"Space is big. Really big. You just won't believe how vastly, hugely, mind-boggingly big it is. I mean, you may think it's a long way down the street to the chemist, but that's just peanuts to space." - The Hitch-Hikers Guide to the Galaxy - Douglas Adams 1952 - 2001

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#7    Chooky88

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Posted 17 November 2013 - 07:27 PM

495 days on that dull place.  They will need to have a higher boredom threshold and a better temperament than me!


#8    highdesert50

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Posted 18 November 2013 - 03:21 AM

A well thought-out document, the group is to be commended. Yet, I go away pondering a phrase they used “We choose to go to the Moon … not because it is easy but because it is hard.” –John F. Kennedy" thinking that I would have liked to see this energy go into developing their version of a surface landing on Mars. As the group so aptly quoted Nil difficile volenti or Nothing impossible to the one who wants it.


#9    promKing

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Posted 18 November 2013 - 01:38 PM

View PostWaspie_Dwarf, on 17 November 2013 - 11:11 AM, said:

You have a different definition of "easily" to the one I'm used to, I've never seen it used to mean "hypothetically" before.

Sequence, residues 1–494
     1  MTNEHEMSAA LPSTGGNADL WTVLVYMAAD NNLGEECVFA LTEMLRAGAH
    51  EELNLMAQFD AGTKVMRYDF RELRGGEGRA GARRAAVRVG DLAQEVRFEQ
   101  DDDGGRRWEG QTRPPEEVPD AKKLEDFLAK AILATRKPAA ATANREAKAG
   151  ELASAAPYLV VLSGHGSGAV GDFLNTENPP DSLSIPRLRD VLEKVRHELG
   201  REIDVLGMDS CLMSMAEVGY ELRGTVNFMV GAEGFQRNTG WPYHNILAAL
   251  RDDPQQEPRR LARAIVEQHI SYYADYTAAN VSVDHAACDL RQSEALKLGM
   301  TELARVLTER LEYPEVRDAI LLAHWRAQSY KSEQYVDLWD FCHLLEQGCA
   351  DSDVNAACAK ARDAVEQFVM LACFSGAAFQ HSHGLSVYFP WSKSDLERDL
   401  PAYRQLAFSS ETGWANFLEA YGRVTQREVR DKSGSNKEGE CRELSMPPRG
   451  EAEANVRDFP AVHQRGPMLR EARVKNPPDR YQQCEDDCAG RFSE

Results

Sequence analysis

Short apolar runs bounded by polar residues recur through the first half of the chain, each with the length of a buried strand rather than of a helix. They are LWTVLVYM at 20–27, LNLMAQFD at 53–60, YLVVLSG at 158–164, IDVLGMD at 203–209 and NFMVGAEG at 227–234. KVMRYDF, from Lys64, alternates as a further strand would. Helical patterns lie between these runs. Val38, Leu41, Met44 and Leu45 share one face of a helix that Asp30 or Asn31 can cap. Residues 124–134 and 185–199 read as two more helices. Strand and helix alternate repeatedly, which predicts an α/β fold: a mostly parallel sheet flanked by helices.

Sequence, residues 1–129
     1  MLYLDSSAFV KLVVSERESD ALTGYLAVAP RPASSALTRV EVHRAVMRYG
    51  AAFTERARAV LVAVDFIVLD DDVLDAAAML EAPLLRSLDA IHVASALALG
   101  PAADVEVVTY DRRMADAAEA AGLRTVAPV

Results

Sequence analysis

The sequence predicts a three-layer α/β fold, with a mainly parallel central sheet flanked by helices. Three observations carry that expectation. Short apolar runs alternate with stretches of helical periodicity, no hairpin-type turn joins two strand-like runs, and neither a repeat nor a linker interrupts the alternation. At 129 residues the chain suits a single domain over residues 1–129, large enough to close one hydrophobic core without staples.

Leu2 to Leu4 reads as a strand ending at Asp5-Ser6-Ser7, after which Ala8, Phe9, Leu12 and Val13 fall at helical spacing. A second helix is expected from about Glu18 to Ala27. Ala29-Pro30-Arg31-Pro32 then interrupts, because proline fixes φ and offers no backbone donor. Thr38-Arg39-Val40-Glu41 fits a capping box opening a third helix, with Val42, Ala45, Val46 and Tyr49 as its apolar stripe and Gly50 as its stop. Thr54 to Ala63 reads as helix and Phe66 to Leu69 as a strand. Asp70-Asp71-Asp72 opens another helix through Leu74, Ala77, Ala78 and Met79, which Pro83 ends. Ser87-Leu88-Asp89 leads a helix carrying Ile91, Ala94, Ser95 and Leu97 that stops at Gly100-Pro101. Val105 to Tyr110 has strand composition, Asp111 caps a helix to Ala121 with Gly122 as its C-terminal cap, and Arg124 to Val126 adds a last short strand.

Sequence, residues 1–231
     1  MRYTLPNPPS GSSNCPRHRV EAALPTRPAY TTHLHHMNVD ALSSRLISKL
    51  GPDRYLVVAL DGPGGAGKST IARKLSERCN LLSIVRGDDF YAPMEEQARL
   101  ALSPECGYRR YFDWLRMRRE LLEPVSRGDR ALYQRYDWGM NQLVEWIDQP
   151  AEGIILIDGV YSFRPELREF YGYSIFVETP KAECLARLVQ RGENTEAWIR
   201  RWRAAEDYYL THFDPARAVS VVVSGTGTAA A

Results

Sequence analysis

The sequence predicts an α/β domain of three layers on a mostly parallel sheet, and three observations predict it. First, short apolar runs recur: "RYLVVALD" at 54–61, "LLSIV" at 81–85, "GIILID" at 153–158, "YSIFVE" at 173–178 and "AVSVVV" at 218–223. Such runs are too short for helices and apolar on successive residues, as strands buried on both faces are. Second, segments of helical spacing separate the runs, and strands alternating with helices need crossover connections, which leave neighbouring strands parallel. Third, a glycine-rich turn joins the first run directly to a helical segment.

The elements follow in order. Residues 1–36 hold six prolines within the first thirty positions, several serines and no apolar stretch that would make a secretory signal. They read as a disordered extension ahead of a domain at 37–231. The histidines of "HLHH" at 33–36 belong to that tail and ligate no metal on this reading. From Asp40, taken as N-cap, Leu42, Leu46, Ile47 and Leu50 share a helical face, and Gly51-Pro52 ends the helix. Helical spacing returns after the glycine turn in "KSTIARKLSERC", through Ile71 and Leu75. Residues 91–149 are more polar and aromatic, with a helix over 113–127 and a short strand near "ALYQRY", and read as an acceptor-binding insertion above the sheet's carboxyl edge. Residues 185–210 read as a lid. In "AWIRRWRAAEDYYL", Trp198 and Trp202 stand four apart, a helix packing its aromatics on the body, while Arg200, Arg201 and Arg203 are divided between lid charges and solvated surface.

Whilst it is possible that methane could be produced on Mars it has not actually been achieved using those conditions yet.

Further methane powered rockets are only at the experimental stage and no vehicle has yet flown using that fuel. Whilst I believe this technology WILL be used by future Mars mission I found it doubtful that it will be mature enough to be used for a crewed mission as early as 2024, which is the launch date for this proposed mission.

You see there is a lot of water on Mars and you split the water into hydrogen and oxygen via electrolysis and you get rocket fuel. Something that anyone can do and it's done in space station where oxygen is used for breathing and hydrogen thrown into space. Electricity could be made from solar-panels.
And yeah while it is a stretchy way and poor-man's way the actual return vehicle could be sent earlier so that it starts making the propellant before astronauts arrive.


Edited by promKing, 18 November 2013 - 01:41 PM.